Torch Lake Takeover
Algae blooms are increasing in one of the North’s most beautiful lakes
By Craig Manning | June 12, 2021
You don’t need to live on the shores of Torch Lake to know how breathtakingly gorgeous it is. A massive inland lake (the biggest in Michigan, by water volume), Torch Lake is known for its party-raising sandbars, its cavernous depths (nearly 300 feet to the bottom at its deepest point), and its pure, clear waters. Local legend has it that National Geographic once named Torch the “third most beautiful lake in the world” (though Northern Express couldn’t verify this claim). Certainly, MLive once named Torch Lake “Michigan’s own slice of the Caribbean” — a comparison others have made over the years, thanks to the lake’s picturesque shades of deep blue and seafoam green.
One thing that doesn’t mesh with Torch Lake’s reputation for resplendent beauty? Big blooms of brown algae, which have become increasingly common in the lake’s near-shore areas over the past decade.
According to Tom Joseph, a 26-year resident of the Torch Lake community, the algae situation hasn’t crossed over into crisis mode just yet, but that doesn’t mean it’s not concerning. While some property owners along the lake have noticed thick mats of algae sticking to the lake bottoms near their docks and beaches, Joseph says that — from his perspective, at least — the algae is not yet disrupting tourism, affecting property values, hurting lake-dependent businesses, or otherwise hindering overall enjoyment of the lake. In fact, Joseph says that tourists or other more casual users of the lake might not even be aware yet that something is amiss.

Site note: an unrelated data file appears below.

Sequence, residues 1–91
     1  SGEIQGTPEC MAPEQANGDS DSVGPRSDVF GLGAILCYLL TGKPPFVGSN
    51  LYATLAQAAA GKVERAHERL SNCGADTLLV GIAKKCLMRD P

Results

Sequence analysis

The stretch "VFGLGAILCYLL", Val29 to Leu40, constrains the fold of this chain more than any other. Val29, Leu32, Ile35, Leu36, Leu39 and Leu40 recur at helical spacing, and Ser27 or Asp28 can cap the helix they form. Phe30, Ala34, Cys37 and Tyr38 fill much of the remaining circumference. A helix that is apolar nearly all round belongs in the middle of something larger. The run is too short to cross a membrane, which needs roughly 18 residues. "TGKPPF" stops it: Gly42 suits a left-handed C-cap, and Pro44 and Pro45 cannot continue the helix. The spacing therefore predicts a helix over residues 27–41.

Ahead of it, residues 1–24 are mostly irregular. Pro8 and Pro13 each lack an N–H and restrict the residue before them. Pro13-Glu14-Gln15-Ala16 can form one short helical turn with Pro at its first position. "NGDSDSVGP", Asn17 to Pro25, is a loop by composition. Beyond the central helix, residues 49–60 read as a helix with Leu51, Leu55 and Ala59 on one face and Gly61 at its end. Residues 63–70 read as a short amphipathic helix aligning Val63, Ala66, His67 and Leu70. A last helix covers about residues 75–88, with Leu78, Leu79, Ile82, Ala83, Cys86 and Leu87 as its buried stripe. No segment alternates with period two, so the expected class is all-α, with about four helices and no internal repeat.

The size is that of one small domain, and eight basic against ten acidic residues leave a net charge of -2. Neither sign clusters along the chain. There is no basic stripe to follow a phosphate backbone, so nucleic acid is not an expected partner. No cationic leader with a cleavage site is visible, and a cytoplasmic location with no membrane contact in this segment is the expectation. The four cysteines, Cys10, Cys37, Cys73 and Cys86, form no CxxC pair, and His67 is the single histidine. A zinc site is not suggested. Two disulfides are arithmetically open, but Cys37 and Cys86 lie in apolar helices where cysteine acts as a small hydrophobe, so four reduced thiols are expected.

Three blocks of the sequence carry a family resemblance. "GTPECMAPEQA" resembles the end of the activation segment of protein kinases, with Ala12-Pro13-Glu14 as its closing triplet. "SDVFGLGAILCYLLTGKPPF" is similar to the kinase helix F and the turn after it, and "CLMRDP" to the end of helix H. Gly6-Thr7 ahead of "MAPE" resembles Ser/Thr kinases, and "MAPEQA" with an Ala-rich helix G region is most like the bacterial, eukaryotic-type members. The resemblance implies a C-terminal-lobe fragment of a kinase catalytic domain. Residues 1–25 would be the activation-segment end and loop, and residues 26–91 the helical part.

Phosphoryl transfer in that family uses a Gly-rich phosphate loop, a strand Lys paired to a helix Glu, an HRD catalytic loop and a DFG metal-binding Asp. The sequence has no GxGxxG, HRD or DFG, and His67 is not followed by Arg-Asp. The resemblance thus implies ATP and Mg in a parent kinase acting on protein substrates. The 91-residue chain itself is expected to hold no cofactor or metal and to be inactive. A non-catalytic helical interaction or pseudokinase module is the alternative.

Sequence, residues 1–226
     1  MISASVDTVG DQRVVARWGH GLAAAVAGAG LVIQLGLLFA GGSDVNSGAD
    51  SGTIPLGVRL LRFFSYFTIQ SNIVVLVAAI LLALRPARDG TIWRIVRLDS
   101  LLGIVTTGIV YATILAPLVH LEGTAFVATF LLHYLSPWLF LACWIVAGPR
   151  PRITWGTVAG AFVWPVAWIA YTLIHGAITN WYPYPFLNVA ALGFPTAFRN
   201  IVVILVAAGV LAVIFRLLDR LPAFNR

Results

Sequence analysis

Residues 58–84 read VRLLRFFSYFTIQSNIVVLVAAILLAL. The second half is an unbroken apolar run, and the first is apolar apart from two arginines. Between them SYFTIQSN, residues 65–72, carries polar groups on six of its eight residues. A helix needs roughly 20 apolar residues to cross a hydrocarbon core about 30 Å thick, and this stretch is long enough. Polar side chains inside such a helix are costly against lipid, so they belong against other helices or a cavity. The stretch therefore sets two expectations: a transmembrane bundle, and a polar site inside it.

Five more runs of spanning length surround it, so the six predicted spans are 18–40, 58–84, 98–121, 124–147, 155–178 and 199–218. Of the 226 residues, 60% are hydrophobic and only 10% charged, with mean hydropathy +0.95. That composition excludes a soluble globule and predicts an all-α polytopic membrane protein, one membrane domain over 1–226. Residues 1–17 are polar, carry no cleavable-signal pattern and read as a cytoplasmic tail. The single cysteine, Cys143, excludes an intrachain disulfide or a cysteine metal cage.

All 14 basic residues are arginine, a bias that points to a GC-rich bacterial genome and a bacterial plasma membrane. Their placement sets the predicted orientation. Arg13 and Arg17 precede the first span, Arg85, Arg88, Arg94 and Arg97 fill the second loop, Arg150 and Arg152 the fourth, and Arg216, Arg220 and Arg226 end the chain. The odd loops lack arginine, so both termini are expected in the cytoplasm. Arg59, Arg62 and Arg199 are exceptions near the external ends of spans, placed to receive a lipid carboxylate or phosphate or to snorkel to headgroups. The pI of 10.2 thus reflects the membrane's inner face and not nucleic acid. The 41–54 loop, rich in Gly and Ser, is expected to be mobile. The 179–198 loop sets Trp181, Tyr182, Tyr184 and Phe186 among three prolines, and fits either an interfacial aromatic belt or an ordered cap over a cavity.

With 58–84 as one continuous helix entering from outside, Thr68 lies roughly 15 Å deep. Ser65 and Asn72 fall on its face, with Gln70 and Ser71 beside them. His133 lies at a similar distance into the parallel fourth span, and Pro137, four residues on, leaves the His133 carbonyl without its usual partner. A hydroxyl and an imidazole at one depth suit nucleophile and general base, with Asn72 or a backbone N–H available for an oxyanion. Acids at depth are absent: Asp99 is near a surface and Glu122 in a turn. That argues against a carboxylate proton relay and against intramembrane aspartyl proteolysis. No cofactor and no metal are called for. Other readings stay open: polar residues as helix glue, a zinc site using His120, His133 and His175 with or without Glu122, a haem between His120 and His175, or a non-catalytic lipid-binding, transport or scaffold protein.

“Like so many things in life, it depends on your perspective,” Joseph says of the algae issue. “We’ve lived here for 26 years, so to us, it's a dramatic change [to see algae in this lake]. It used to be that the water was so crystal clear that, even at the end of the season when we’d take our dock out, there'd be very little evidence of anything on the legs of the dock, or the shore station that the boat sits on. Each year, you see a little bit more. So we are very sensitive to it, and it is a very big deal. But when we have guests come up here, especially from downstate or out of state, they marvel at the purity of the water. They say, ‘What are you talking about?! I've never seen anything so crystal clear.’”